Gerald L. Andriole, Jr., MD

Gerald L. Andriole, Jr., MD

Barnes-Jewish Hospital and Washington University School of Medicine

St. Louis, Missouri

Gerald L. Andriole, Jr., MD, is the Robert K. Royce Distinguished Professor and Chief of Urologic Surgery at Barnes-Jewish Hospital, the Siteman Cancer Center, and Washington University School of Medicine in St. Louis, Missouri. Dr. Andriole received his medical degree from Jefferson Medical College in Philadelphia, Pennsylvania. He trained in surgery at Strong Memorial Hospital and the University of Rochester and completed his Urology Residency at Brigham and Women’s Hospital and Harvard Medical School. Subsequently, he was a Fellow in Urologic Oncology at the National Cancer Institute in Bethesda, Maryland. Dr. Andriole has over 35 years of consistent contributions in the areas of BPH and prostate cancer screening and prevention research. He has contributed well over 400 peer-reviewed publications and serves on the editorial boards of several prestigious journals. He is Chairman of the Prostate Committee of the National Cancer Institute’s Prostate, Lung, Colorectal and Ovarian (PLCO) Cancer Screening Trial, and PI of the NIDDK Multidisciplinary Approach to Urologic Pelvic Pain (MAPP) and Symptoms of Lower Urinary Tract Dysfunction Research Network (LURN). He was Chairman of the Steering Committee of the REDUCE Prostate Cancer Prevention Trial, as well as PI of both the NIDDK Medical Therapy of Prostatic Symptoms (MTOPS) BPH trial and the NIDDK Complementary and Alternative Medicine for Urinary Symptoms (CAMUS) study. He is a member of the American Urological Association, the American Association for Cancer Research, the American Society of Clinical Oncology, the American Surgical Association, the American Association of Genitourinary Surgeons, and the Clinical Society of Genitourinary Surgeons, among other societies.

Articles by Gerald L. Andriole, Jr., MD

PET Imaging for Prostate Cancer

Gerald L. Andriole, Jr., MD, the Robert K. Royce Distinguished Professor and Chief of Urologic Surgery at Barnes-Jewish Hospital, the Siteman Cancer Center, and Washington University School of Medicine in St. Louis, Missouri, reviews the 2020 NCCN Guidelines, focusing on PET imaging for prostate cancer and related studies. He establishes that PET/CT and PET/MRI for detection of biochemically recurrent disease have been approved, though the majority of the data collected is specifically for the Ga-68 PSMA tracer. F-18 DCFBC, F-18DCFPyl, and F-18 PSMA 1007 are currently being evaluated for possible advantages over Ga-68 PSMA. Dr. Andriole then discusses several studies which demonstrate both the benefits and limitations of PET-directed therapies in the prostate cancer setting.Dr. Andriole concludes by looking at studies which compared PSMA PET to conventional imaging and found PSMA PET to be significantly more effective.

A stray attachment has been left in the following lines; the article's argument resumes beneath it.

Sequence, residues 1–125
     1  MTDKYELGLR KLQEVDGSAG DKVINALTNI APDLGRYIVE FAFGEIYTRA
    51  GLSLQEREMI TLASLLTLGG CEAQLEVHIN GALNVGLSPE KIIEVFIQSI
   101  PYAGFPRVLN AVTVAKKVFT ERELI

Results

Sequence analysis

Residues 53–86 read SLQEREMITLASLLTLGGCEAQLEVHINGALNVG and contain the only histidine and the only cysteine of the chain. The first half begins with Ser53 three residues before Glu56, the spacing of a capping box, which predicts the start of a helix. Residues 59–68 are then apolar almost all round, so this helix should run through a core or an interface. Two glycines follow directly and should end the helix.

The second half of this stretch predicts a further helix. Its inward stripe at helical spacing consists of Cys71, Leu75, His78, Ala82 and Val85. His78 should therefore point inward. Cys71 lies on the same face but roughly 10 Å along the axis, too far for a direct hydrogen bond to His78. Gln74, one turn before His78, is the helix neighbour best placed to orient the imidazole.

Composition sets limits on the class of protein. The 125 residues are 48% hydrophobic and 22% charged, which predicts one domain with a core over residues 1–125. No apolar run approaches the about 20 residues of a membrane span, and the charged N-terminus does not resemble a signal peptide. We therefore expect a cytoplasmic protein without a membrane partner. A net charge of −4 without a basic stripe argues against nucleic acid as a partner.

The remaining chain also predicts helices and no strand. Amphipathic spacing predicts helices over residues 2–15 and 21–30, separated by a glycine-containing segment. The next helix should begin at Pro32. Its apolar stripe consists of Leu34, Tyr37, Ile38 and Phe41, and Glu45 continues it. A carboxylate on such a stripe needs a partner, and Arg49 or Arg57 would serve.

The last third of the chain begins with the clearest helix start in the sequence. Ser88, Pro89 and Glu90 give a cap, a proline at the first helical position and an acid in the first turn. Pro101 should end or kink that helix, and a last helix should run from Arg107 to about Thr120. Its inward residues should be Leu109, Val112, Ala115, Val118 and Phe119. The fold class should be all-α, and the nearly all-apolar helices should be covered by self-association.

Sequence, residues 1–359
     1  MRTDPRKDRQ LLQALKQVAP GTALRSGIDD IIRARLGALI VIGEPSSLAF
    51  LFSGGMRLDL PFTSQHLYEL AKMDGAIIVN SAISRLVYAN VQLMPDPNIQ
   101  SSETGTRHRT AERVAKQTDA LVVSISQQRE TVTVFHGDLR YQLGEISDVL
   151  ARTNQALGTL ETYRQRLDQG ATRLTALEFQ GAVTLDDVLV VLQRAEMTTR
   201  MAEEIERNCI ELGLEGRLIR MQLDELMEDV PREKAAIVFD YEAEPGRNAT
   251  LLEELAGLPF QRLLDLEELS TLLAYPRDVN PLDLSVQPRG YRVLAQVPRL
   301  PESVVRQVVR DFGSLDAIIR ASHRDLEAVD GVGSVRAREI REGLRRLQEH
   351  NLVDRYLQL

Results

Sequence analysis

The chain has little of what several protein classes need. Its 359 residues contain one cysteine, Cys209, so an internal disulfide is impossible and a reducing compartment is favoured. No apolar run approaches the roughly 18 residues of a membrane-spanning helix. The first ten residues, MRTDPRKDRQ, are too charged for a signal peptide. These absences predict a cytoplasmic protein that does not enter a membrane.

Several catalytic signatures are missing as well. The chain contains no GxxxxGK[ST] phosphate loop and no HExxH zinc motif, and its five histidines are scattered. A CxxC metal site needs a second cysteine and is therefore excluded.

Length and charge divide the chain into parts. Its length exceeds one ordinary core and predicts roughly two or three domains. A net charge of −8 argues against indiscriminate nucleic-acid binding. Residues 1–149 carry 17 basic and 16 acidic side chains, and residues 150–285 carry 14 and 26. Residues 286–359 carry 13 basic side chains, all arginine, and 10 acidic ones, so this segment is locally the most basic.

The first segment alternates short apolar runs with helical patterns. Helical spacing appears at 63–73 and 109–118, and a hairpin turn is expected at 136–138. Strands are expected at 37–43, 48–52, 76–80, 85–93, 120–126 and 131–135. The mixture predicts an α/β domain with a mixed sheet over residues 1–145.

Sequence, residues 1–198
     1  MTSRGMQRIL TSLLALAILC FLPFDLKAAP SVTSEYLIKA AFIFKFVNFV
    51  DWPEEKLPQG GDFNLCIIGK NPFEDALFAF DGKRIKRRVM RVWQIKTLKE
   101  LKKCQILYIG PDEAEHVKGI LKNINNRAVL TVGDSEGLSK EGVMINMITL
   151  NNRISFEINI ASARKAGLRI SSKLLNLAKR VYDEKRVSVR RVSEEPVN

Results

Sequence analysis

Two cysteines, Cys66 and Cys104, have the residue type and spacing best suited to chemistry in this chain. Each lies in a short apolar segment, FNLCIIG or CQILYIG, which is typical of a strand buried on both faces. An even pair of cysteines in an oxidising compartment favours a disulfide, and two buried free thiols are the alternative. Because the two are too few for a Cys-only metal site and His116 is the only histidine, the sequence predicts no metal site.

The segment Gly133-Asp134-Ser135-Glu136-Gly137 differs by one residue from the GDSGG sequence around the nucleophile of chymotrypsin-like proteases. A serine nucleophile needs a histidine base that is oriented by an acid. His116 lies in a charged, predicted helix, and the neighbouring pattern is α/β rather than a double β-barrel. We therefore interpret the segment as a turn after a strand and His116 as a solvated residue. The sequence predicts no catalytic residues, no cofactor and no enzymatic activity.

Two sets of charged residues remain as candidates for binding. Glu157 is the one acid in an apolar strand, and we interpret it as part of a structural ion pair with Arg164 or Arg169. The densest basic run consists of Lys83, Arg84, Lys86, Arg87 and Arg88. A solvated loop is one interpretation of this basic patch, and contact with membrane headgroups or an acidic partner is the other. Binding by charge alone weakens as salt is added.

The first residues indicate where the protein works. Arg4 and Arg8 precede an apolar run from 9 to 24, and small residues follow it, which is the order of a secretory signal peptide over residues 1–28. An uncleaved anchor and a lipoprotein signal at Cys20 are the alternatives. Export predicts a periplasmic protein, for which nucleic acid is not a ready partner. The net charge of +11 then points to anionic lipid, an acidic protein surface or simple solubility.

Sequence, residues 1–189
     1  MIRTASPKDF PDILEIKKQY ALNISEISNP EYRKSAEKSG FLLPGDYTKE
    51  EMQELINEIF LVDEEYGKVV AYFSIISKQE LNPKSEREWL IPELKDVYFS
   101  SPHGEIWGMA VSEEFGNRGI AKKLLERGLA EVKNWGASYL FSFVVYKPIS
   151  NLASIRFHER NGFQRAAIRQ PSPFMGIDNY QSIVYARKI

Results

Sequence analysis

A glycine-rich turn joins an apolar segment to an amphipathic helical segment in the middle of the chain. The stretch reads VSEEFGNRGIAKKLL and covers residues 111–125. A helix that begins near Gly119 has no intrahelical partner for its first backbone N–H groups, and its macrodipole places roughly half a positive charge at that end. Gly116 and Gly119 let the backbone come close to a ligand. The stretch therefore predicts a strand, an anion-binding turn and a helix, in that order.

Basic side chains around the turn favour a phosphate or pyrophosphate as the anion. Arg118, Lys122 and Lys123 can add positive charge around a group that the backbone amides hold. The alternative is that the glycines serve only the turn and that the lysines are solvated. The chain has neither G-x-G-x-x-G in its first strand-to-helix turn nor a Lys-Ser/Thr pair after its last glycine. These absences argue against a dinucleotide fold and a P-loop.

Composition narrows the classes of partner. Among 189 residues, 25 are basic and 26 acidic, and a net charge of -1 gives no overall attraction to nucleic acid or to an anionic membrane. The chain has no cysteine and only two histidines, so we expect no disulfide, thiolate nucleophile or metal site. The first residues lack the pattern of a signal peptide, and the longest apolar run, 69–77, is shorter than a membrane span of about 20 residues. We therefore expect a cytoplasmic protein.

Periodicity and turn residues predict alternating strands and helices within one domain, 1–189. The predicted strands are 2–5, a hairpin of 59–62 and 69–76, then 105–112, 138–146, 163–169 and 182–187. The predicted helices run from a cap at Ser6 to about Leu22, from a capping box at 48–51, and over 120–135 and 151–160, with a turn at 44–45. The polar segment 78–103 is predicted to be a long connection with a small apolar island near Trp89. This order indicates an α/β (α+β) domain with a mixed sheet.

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Updates in Screening: Prostate Cancer Guidelines

Gerald L. Andriole, Jr., MD, a Robert K. Royce Distinguished Professor and Chief of Urologic Surgery at Barnes-Jewish Hospital, the Siteman Cancer Center, and Washington University School of Medicine in St. Louis, Missouri, reviews guidelines for prostate cancer screening, including the unchanged 2018 AUA guidelines and the 2020 updates to the NCCN and EAU guidelines. Following this, he explains why he disagrees with a 2020 article that suggests physicians use a PSA level of 10 ng/mL as the threshold when referring PCa patients to urology and thus biopsy. Lastly, he outlines five ways physicians can improve the early detection of prostate cancer.

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What Role Do Markers Play in Establishing Active Surveillance or Definitive Care?

Gerald L. Andriole, Jr., MD, explains that while active surveillance is on the rise, doctors can do a better job of selecting patients for it. He points out that NCCN and ASCO guidelines indicate that routine ordering of molecular biomarker tests is not recommended, and state that doctors should only perform active surveillance on low- and favorable-risk patients. He concludes that clinical criteria are very useful in determining when to use active surveillance, and notes that MRI and gene expression classifiers add some certainty to the decision. There are other markers that may aid in decision making, but the current data is sparse.

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Non-Invasive Molecular Imaging – Fluciclovine

Gerald L. Andriole, Jr., MD, discusses the unmet need for precise imaging of biochemical recurrent prostate cancer. He reviews data on imaging agents, especially 18F-fluciclovine PET/CT, ¹¹C-choline PET/CT, and 68Ga-PSMA-11, and deliberates on the impact of imaging-guided treatment changes on patient outcomes.

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Image Guided Prostate Biopsy

Gerald L. Andriole, Jr., MD, reviews the history of conventional transrectal ultrasound (TRUS) guided biopsy and the limitations of this technique that remain in the modern era. He then discusses current and emerging efforts to improve image guided prostate biopsies.

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